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Residents vote to take action against water pollution at Leverett Town Meeting 

  • The Sawmill River in North Leverett is a peacefull fall scene. Recorder Staff/Paul Franz

Staff Writer
Published: 4/29/2019 12:02:55 AM

LEVERETT — Along with passing the town’s budget, increasing funding for the school department and funding additional equipment and personnel for the town’s public safety departments, residents addressed a long-standing issue for five homes with contaminated drinking water at Saturday’s annual Town Meeting. 

A three-part article gave town officials the ability to pursue different paths in addressing an issue that has affected residents for nearly 20 years near a capped landfill off Cushman Road near the Amherst line. A plume of contaminants has forced town to install filters on water tanks and supply residents with bottled water for drinking and cooking since the 1990s. 

Virginia Goodale, of Teawaddle Hill Road, said she moved to town 11 years ago and has seen the water quality deteriorate significantly in that time. She said high levels of metals and contaminants in the water have created a situation that is “untenable” and “scary” for her family. 

Options now available to town officials include building a water line to supply homes located on both Cushman and Teawaddle Hill roads and to receive clean municipal water from Amherst, a project estimated to cost $2.3 million; building wells and water lines beneath the contaminated aquifer currently used and tap into a clean source of water, estimated to cost the town $150,000 to complete; and purchasing the homes as they come up for sale at market value so residents do not lose the equity they have built, which would cost $20,000 to come up with a fair market value on each home. 

Chairman of the Select Board, Peter d’Errico, said town officials would pursue the least expensive option as more information becomes available. He said the preferred route would be to build private wells for each of the homes. 

David Foss, a hydrogeologist consultant for the town, described the process for building private wells as a “step-by-step” approach. One would be built, and if proven free of contaminants, subsequent wells would be built for the other four homes. If the first failed, then only $15,000 would be spent to build the one well, and the town could pursue the option of drawing clean water from Amherst instead.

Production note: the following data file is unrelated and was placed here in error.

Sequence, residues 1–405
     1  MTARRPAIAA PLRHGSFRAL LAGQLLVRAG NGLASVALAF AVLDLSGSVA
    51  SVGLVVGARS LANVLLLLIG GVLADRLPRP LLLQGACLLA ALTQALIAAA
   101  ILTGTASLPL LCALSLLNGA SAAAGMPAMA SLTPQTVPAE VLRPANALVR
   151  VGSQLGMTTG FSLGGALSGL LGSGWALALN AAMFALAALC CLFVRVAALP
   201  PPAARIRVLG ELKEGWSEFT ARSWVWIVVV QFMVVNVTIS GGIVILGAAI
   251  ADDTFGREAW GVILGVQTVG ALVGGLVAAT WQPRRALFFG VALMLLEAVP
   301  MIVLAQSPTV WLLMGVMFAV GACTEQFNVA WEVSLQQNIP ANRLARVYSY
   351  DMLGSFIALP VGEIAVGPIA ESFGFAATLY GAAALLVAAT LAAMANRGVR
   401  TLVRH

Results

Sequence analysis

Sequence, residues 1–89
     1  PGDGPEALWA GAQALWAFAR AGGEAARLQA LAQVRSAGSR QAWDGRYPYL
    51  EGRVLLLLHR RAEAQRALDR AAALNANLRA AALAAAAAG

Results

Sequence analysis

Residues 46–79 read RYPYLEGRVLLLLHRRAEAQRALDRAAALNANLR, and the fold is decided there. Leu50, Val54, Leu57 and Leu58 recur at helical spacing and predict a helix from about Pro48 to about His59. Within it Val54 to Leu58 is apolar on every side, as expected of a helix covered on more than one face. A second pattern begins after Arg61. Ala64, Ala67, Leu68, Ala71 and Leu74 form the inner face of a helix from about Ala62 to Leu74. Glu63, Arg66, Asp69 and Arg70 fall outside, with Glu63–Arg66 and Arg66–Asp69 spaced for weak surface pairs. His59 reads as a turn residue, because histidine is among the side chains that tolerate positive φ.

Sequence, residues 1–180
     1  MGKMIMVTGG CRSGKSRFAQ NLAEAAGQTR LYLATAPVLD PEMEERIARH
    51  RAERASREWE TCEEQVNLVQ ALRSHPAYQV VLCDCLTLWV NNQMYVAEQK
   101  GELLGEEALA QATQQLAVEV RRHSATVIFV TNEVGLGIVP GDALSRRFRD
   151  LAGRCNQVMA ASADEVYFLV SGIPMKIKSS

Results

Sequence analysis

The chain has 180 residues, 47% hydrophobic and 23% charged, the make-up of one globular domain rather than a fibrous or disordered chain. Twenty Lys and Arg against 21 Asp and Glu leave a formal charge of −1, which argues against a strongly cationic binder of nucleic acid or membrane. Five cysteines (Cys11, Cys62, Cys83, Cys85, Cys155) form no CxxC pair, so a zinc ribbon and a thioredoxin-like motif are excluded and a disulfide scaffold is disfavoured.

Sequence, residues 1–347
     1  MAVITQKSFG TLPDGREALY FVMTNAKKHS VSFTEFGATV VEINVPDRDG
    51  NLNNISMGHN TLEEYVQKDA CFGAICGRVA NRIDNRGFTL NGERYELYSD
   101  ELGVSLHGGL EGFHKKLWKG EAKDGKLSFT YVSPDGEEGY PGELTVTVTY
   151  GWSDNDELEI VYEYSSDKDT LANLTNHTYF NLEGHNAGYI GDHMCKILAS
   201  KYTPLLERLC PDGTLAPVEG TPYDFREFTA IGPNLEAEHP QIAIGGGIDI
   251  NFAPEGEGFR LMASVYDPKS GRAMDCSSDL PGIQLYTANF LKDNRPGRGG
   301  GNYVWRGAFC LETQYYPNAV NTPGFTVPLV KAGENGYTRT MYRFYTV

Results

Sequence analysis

A group in town, called CLEAN!, or Citizens for Landfill Environmental Action Now!, brought the three-pronged petition article to the Town Meeting. The article passed unanimously after over half an hour of discussion with the nearly 150 residents present. 

Residents unanimously voted for the 2020 town budget of $6.2 million, which is a 1.7 increase from 2019. Residents also voted for an appropriation of $33,126 for the Leverett Elementary School, in addition to the $4 million in the town’s budget, which will help pay for unfunded mandates from the state, contractual salary increases and the loss of state reimbursements, according to School Committee Chairwoman Bethany Seeger. 

The Police Department will receive funding to hire a third full-time police officer after residents voted for a $33,093 appropriation in Article 8. Residents who spoke in favor of a third full-time officer said the additional officer would be more committed to the community than a part-time officer. Those who spoke against the appropriation questioned whether a small town needed another full-time officer. 

The town will create a new Revenue Committee that will explore any opportunities for additional sources of revenue after residents voted in favor of Article 25. The committee will be made up of five members, and it will report to the Select Board to recommend ideas, not implement them.

A lengthy discussion arose on the issue of Dudleyville Road’s impassibility this past spring as the muddy road has made it difficult for residents to get to their homes and for first responders to traverse. Article 41 passed, after several attempts to amend the language, and it will fund a $15,000 study of Dudleyville Road by a certified engineer. The data gathered will be used to seek out funding opportunities to improve the road and other dirt roads in Leverett. 

All three proposed resolutions on the 44 Article warrant passed: calling for support and compassion towards refugees; calling on the United States to join the Treaty on the Prohibition of Nuclear Weapons; and calling for support to changing the state flag and seal. 

Larry Farber served as town moderator. Several town official positions were filled: Sam Black was elected to town assessor; Michael Fair to the Board of Health; Rom Masterton to constable; Steve Nagy, Phil Carter and Jed Prujanski to the Finance Committee; Georgie Schmid and Elaine Barker as library trustees; Van Stoddard to the Planning Board; Tara Acker, Gene Stamell and Kip Forsh to the School Committee; Peter d’Errico to the Select Board; and Lisa Stratford to city clerk. 

Luis Fieldman can be reached at

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